KARACHI: The controversy-ridden meetings to mull over the revival of the Police Order, 2002 bill by a select committee of the Sindh Assembly came to a close on Wednesday with another disagreement as the major opposition parties said they were not in the sitting when a vote was taken on the recommended draft.
Agriculture Minister Ismail Rahu, who was convener of the select committee, said the draft was finalised with the inputs of the opposition parties and members of civil society — a statement disputed by the Pakistan Tehreek-i-Insaf, Muttahida Qaumi Movement-Pakistan and the Grand Democratic Alliance.
After Wednesday’s meeting, Mr Rahu told reporters that the committee held seven meetings to mull over the draft with the intention to make it a consensus document.
He said it was a recommendation from the opposition that the SSPs should work under the deputy commissioners.
Opposition parties say they were not in the sitting when a vote was taken on the draft
On the statement of the PTI-led combined opposition warning that they would move court on the issue, the minister said in that case “we will submit to the court that this draft contains recommendations from the opposition. The opposition wants to go to court by deliberately making the law controversial.”
However, he said despite all that the committee was thankful to the opposition that cooperated with the committee and patiently listened to others as well.
“Even today,” said Mr Rahu, “most recommendations came from the opposition, which were duly heard and accepted as well.”
Points of disagreement
He said there were four or five points on which opposition and treasury members were not on the same page, which included the formation of the selection panel for the composition of the public safety commission and appointment of SSPs.
The matter was further elaborated by Local Government Minister Saeed Ghani who said the opposition wanted that appointment on various cadres of the police should be conducted through the National Testing Service while the draft said that it should be done through the Public Service Commission.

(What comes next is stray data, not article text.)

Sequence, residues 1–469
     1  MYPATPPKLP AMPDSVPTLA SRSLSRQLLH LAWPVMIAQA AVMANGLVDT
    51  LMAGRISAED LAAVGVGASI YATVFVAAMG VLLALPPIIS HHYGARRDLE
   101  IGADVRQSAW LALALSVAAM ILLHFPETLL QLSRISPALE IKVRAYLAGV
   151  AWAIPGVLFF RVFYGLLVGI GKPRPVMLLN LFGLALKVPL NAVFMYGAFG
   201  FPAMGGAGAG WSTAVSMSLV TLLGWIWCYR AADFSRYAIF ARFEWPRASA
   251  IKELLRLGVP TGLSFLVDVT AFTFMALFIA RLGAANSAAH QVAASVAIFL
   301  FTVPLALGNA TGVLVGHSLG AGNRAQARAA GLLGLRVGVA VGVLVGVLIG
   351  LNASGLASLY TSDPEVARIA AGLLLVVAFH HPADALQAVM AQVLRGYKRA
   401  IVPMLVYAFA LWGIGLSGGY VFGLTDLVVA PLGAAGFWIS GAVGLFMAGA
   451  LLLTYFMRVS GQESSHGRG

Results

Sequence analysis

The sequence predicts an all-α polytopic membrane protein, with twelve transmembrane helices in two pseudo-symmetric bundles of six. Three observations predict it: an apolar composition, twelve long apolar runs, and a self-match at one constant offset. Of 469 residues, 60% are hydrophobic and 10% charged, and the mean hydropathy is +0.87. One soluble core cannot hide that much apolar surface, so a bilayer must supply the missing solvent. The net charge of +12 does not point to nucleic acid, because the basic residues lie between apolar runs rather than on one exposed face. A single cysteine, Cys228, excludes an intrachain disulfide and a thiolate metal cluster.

Similarly, “We wanted that certain powers should rest with the SSPs, but later we recommended handing them over to the deputy commissioners on the opposition’s demand”.
Mr Ghani said the three opposition parties were themselves “confused” on the draft and the issues involved, which was why “they would negate a thing that they had themselves recommended a day earlier”.
He said that during the marathon meetings, all sections and clauses of the draft bill were duly read out and debated upon and “we listened to all recommendations and objections made by the opposition and accepted many of them and incorporated them in the recommended draft, yet they kept complaining all the time”.
He said all the changes made in the police order and the draft were in conformity with the order of the court. He said the opposition was given copies of the original and amended police order with a request to make preparations for debate on amendments, but “they could not read these documents. They ... have been taught by someone behind the curtain”.
Mr Ghani said civil society wanted to make public safety commissions powerful and stronger, while the opposition wanted to clip its powers.
“We have not accepted the opposition’s demand where powers of the commission are compromised that could harm the public,” he said.
The minister said the original document made mohtasib (ombudsman) chairman of the selection panel to finalise composition of the safety commission at which the opposition first wanted the chief secretary to head the panel and after several changes in between it came with the demand to make the chief minister and the opposition leader or their nominees as its members as well. “All these gimmicks are meant to make a good law controversial.”
He said the safety commissions at provincial and district levels were effective tools to make police subservient to the public.
He said the safety commissions had been formed after promulgation of the Police Order, 2002, during retired Gen Pervez Musharraf’s rule, but they were not allowed to become functional. However, he added, after the promulgation of the Police Order, such commissions would be formed at provincial and district levels within two months.
Members of the three opposition parties in the select committee, meanwhile, did appear in the meeting where they demanded the minutes of the earlier meetings.
“We walked into the opposition leader’s chamber from the committee room after demanding minutes of the meeting with the request that the convener should inform us when the minutes were available. But they found an opportunity to succeed in their agenda and passed recommendations on the draft in our absence,” said PTI’s parliamentary leader in the Sindh Assembly Haleem Adil Shaikh.
“In fact, they bulldozed the spirit and the whole exercise itself by passing the recommendations when we were not in the meeting.”
He said he would file objections to the draft bill with court and if needed a separate petition would be filed against the government’s “plan to weaken an independent police force”.
Published in Dawn, May 16th, 2019